UH Mānoa students win computer code challenge with energy tracking app

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team Pika with Governor Ige

From left: Governor David Ige, Tervin Tejero, Herman Li, Tyler Chong, Angela Zheng, Jason Len, Kirsten Takanishi, Jarrett Keohokalole, Sean Takafuji, Gabriel Viloria and Miller Abel

Students from the UH Mānoa Department of Information and Computer Science (ICS) won the 3rd Hawaiʻi Annual Code Challenge (HACC) in November, earning themselves more than $4,000 in prize money.

The UH team (“Team Pika”) beat out 18 other teams competing across five different sustainability challenges by building an app that will help UH’s energy management team visualize building-level energy data received from the recently installed smart meter network on the UH Mānoa campus.

“Having the right team makes all the difference. Having a diverse set of skills that complement each other is important, but more important was the right set of personalities that work well with each other in a way that made it all fun,” said Team Pika. “This included working with Miles Topping, UH director of energy management. We truly appreciated him sharing his knowledge and love of energy with us. We hope that we helped take a good step in the right direction for helping create a cleaner and more sustainable future in Hawaiʻi.”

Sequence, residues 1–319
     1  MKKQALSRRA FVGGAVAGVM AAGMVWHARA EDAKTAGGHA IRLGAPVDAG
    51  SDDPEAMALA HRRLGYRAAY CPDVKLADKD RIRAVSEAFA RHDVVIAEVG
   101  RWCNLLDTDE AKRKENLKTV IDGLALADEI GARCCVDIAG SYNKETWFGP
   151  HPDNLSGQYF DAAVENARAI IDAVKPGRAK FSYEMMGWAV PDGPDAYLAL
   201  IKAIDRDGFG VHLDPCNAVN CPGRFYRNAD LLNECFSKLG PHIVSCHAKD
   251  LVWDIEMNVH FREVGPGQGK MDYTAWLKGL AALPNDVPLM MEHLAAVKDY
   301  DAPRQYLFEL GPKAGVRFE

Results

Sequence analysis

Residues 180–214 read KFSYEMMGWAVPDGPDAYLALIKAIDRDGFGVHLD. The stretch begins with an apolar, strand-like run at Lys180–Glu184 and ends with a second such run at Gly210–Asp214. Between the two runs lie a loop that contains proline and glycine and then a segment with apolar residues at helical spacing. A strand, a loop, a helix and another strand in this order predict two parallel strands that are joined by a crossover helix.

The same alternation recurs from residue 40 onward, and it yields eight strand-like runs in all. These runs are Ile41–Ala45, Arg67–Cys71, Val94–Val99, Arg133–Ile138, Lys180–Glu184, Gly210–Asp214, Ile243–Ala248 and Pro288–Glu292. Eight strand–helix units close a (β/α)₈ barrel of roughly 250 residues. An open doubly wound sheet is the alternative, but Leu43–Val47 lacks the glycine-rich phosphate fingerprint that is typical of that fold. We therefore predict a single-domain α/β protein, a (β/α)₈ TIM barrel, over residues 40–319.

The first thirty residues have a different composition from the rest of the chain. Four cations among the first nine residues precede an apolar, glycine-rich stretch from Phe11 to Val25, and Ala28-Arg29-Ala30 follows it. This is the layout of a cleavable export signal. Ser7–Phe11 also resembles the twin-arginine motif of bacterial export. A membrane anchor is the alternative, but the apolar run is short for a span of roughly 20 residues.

Conceived by Governor David Ige, the HACC is a hackathon-inspired competition designed to engage the community in modernizing state functions and services, and support IT workforce development. The focus for this year’s challenge was the state’s sustainability goals, which are tracked on the Aloha+ Challenge Dashboard and considered social, economic and environmental factors.

“The outstanding talent of our local tech community was on full display during this year’s competition. Congratulations to the winners and mahalo to all who developed creative solutions to the state’s challenges,” said Gov. David Ige.

The UH Office of Sustainability submitted three challenges to HACC participants to help advance progress toward the university’s clean energy, zero waste and greenhouse gas emission goals.

“Our campuses have incredible potential to be living laboratories where students can help us to develop solutions to sustainability challenges we are facing in real-time,” said Matthew K. Lynch, UH System sustainability coordinator. “We are excited to continue our work with ICS students to develop tech solutions that will help improve our overall strategic energy management.”

Read the full release here.

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